• Because they signed up for Medigap during their first window of eligibility, they didn’t have to go through Medical Underwriting which could deny them coverage or raise their premium.
  • Medigap is the option that might cost the most on a monthly basis, but might also give them the most flexibility moving forward. 
    • They can see any doctor that accepts Medicare, there are no networks to fuss over.
  • They have minimal or no out-of-pocket costs except monthly premiums. 
  • Since they signed up for Plan G, they are also covered against Excess Charges, which can be up to 15% above what Medicare allows for a service.
  • How much does this cost over 2 years?
    • Monthly Premium ($164.90 + $115) × 24 = $6,717.60
    • Annual Part B Deductible of $226 × 2 = $452
    • Total: $7,169.60
A broken hip is just one example of how your decision when you first enroll in Medicare can either pay dividends or cause major headaches in terms of financial strain and/or access to care later on. Let’s talk through some more examples, some of which are real stories from real Fair Square Medicare clients:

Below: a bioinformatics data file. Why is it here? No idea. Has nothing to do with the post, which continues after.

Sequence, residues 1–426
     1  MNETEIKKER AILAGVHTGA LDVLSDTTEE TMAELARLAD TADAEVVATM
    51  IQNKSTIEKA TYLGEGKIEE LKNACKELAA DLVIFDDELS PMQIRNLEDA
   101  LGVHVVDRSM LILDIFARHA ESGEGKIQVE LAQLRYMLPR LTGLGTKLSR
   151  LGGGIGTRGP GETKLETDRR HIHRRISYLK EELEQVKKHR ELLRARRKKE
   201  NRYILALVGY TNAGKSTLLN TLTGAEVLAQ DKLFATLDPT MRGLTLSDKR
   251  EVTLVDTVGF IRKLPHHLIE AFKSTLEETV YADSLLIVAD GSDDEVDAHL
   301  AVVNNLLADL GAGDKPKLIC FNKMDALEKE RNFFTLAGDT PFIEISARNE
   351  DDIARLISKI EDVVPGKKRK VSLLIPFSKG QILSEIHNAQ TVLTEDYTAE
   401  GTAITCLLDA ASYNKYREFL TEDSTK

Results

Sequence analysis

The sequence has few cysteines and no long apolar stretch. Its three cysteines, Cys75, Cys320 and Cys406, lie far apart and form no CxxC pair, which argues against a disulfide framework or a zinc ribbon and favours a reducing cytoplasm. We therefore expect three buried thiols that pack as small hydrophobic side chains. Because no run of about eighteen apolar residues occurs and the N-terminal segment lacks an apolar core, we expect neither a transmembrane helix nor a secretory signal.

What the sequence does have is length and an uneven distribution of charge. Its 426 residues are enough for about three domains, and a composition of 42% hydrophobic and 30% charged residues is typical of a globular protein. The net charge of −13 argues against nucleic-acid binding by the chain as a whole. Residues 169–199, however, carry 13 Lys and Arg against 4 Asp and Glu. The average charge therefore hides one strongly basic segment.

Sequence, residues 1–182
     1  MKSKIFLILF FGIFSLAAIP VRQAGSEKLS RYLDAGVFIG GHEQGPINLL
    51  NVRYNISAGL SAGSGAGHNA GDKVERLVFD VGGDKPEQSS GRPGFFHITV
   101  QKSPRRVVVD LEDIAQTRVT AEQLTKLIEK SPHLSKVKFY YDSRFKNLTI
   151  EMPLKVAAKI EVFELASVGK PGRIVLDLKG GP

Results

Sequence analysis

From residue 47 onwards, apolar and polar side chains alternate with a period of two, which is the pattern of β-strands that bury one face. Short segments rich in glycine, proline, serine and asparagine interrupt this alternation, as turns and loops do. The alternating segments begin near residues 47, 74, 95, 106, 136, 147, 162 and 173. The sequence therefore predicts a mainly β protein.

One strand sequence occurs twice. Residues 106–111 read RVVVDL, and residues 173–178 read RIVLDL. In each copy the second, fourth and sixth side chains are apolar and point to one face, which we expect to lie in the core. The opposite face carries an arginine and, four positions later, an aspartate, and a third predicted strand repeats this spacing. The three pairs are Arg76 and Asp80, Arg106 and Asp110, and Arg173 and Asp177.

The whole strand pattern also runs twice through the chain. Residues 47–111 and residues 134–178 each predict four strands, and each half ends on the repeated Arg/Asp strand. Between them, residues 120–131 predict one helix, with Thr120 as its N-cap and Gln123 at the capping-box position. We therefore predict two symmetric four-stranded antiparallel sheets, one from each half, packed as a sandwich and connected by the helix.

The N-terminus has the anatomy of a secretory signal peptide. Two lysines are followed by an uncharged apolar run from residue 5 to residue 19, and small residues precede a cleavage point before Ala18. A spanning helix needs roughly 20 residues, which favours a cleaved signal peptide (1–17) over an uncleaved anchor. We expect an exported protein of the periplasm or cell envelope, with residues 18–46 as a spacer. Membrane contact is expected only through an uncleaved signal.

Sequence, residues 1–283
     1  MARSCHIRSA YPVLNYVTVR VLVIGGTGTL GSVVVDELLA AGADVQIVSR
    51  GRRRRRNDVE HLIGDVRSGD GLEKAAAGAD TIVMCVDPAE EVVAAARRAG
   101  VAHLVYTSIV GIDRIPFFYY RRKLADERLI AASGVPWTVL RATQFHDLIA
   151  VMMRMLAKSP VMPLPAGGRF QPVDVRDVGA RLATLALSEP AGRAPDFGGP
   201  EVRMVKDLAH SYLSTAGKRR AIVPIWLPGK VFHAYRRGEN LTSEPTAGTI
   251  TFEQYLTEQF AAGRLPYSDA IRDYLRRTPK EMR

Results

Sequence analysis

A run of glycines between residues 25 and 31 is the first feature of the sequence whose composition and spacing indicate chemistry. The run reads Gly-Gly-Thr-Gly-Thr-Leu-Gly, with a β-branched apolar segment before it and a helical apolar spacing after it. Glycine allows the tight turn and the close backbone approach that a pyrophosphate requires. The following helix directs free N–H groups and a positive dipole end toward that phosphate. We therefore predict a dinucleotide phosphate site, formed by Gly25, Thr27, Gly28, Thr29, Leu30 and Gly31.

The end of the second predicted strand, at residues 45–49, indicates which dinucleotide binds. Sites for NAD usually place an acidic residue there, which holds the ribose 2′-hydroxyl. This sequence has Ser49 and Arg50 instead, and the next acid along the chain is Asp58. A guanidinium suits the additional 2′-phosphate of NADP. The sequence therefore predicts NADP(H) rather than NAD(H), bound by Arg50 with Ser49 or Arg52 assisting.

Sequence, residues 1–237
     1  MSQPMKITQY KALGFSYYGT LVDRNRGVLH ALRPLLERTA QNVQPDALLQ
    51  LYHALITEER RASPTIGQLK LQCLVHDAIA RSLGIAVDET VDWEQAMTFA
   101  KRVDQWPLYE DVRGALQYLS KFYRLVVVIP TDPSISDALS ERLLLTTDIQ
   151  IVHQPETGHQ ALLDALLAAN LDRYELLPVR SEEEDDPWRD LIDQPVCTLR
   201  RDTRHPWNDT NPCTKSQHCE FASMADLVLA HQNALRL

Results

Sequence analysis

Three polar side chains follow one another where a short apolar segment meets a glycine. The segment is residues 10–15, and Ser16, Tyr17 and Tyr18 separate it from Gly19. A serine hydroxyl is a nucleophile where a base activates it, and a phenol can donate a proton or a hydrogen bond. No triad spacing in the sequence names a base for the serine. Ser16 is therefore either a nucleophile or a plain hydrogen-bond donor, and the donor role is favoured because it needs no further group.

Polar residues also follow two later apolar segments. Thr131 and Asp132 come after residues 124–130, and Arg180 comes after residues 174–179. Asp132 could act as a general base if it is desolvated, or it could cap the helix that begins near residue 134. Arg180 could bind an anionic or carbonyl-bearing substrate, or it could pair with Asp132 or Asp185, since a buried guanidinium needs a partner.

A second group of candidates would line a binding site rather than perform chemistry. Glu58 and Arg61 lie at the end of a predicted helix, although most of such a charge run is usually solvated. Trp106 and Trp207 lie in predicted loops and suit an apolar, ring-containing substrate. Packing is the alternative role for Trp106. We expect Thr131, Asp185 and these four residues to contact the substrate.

Making Your First Call the Right Call

In order to save money, our client Brenda* started off with just Original Medicare when she turned 65 over a year ago. Her husband was a year younger, and she decided to wait a year so they could shop for a supplement plan together.
“I didn’t have someone like Fair Square Medicare to call, so I was just going to do the basic stuff,” Brenda said. “I didn’t understand the ramifications.”
 When it came time to pick a plan, she had to go through Medical Underwriting with United Healthcare for a Medigap plan. The underwriter found a Chronic Kidney Disease (CKD) stage 3 diagnosis, the result of removing kidney stones a couple years ago.
“I honestly had no idea they could pull up all these old records,” she said. “It was all a big surprise that they came back with that information”